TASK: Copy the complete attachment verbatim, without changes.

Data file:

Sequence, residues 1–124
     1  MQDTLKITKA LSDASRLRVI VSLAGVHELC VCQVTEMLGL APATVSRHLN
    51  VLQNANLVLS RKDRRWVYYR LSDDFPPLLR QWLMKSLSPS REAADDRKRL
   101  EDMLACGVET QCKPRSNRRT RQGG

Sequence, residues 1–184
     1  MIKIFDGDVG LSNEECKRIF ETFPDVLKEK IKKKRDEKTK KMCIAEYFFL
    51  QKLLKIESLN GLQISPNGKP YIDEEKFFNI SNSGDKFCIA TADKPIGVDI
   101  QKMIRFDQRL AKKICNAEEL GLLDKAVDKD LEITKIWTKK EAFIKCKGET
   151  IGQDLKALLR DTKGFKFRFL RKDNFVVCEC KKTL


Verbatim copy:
Sequence, residues 1–124
     1  MQDTLKITKA LSDASRLRVI VSLAGVHELC VCQVTEMLGL APATVSRHLN
    51  VLQNANLVLS RKDRRWVYYR LSDDFPPLLR QWLMKSLSPS REAADDRKRL
   101  EDMLACGVET QCKPRSNRRT RQGG

Sequence, residues 1–184
     1  MIKIFDGDVG LSNEECKRIF ETFPDVLKEK IKKKRDEKTK KMCIAEYFFL
    51  QKLLKIESLN GLQISPNGKP YIDEEKFFNI SNSGDKFCIA TADKPIGVDI
   101  QKMIRFDQRL AKKICNAEEL GLLDKAVDKD LEITKIWTKK EAFIKCKGET
   151  IGQDLKALLR DTKGFKFRFL RKDNFVVCEC KKTL